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Acts of Theft
by Arthur A. Cohen
University of Chicago Press, 1987
Paper: 978-0-226-11250-3
Library of Congress Classification PS3553.O418A65 1988
Dewey Decimal Classification 813.54

ABOUT THIS BOOK
ABOUT THIS BOOK
"An astonishing, soaring and seizing novel that means no less than to explain human culture. A detective story with a real detective and a real thief—and yet all the while it is the mind that is being plundered of its own frights."—Cynthia Ozick

"[Acts of Theft] ranges from the lost world of the Austrian aristocracy . . . to a thick-walled hacienda in the jungles of Mexico in the 1950s. . . . Cohen has resurrected the special man, the one for whom experience is a search an an intellectual problem, the man who deceives himself grandly and discovers the fact when it may be too late. . . . Cohen's writing is as beautiful and complicated as it is possible for writing to be. Rarely, these days, do novelists risk so much so successfully."—K. Deborah Taub, Baltimore Sun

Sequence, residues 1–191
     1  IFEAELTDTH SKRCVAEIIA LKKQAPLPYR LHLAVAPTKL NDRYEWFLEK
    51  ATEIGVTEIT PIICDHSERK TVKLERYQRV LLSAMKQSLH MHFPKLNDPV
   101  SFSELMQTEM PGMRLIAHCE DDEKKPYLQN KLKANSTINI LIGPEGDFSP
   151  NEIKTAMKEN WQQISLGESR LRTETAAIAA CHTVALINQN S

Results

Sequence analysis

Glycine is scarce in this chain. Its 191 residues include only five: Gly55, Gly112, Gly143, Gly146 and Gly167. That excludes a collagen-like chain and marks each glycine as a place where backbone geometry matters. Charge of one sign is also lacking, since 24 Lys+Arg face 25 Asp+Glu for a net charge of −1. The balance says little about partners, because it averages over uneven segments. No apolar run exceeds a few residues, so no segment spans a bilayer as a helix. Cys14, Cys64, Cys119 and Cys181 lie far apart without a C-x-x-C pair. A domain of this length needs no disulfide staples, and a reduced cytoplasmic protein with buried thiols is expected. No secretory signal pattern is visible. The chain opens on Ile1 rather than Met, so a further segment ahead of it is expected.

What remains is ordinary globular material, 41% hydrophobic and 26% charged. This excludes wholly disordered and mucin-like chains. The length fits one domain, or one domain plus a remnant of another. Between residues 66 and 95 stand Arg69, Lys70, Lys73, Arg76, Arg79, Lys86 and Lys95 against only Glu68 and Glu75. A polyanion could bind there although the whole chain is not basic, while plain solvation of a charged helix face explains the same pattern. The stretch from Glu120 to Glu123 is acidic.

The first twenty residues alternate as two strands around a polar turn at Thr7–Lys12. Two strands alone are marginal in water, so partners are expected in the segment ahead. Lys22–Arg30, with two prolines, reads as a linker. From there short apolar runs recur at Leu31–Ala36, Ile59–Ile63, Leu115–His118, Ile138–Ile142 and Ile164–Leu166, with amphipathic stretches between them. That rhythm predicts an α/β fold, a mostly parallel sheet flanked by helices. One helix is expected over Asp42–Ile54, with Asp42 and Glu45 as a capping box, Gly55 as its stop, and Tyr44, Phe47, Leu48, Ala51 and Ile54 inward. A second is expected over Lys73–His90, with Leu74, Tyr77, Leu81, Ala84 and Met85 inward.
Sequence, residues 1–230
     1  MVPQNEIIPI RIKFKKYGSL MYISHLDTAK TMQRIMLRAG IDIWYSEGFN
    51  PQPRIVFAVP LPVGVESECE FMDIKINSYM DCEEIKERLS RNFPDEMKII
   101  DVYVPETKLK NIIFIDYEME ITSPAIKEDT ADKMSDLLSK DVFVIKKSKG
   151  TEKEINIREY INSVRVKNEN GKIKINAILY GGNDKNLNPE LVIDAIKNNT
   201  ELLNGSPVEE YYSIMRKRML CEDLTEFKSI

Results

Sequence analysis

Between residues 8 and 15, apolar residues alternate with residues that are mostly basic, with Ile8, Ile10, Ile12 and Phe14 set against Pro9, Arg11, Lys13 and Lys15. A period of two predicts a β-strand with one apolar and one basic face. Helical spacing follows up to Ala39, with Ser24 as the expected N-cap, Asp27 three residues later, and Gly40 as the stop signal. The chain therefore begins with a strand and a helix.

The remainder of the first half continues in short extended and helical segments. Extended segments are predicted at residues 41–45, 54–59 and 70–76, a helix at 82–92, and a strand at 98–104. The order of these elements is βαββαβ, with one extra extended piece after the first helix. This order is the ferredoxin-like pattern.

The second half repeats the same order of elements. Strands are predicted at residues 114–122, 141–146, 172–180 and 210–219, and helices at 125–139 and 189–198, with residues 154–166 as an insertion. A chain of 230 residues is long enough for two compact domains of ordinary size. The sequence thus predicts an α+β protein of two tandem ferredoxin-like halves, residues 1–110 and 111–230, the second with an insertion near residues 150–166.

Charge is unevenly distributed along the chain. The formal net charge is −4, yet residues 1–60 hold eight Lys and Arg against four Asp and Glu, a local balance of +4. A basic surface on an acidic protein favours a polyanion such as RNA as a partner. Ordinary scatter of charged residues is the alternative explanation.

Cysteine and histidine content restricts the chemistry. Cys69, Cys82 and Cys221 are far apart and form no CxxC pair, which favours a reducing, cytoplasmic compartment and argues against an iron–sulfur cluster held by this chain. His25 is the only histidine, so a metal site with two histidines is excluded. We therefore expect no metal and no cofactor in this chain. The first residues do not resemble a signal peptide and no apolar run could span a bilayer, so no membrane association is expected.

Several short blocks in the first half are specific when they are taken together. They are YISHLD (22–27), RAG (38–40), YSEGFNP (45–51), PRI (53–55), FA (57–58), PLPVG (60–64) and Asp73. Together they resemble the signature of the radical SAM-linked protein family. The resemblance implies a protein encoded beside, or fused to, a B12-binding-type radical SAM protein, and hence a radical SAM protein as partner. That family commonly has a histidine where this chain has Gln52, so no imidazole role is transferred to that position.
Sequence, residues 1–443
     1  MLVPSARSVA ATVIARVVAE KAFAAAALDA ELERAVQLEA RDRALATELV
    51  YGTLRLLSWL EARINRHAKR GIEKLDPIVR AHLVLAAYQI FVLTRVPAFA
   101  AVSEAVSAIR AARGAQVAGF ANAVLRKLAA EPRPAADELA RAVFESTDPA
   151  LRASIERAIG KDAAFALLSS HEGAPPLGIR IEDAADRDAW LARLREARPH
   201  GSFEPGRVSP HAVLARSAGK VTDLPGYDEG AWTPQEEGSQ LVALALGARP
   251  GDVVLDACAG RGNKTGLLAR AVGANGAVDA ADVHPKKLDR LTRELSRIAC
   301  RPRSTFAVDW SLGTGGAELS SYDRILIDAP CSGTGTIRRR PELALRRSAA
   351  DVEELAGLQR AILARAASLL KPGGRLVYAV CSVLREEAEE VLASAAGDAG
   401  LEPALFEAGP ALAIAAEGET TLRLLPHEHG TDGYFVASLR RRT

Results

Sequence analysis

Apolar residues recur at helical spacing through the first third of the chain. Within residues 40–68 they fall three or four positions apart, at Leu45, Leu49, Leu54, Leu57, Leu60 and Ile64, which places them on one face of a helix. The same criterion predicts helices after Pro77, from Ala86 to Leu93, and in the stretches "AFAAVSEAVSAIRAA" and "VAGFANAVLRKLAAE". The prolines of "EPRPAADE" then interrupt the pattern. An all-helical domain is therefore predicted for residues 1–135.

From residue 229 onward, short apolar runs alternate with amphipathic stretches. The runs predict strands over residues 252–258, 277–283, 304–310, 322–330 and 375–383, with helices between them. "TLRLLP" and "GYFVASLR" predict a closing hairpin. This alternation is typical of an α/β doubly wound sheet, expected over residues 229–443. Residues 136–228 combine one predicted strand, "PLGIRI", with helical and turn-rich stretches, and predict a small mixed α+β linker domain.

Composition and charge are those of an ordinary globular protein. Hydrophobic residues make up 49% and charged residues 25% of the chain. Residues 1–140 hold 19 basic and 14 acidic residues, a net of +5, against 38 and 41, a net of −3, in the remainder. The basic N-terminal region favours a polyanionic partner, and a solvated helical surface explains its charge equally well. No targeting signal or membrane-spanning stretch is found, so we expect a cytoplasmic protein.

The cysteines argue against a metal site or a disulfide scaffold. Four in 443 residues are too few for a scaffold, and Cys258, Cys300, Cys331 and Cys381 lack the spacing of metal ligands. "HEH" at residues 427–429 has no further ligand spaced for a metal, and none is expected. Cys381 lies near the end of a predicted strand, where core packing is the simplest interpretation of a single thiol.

"One of the rare novels that one can begin to reread as soon as the last page is finished. By unfolding the drama of an artist obsessed by the authenticity and perfection of his work, Arthur A. Cohen recalls to us, in fact, the destiny of all human existence. Acts of Theft ranks with the best novels of the post-war period."—Mircea Eliade

"Acts of Theft is a very elaborate story of cops and robbers—but it aspires to much more and its aspirations are largely fulfilled. The parallels that spring to mind are Crime and Punishment and Les Mesérables."—Joseph McLellan, Washington Post

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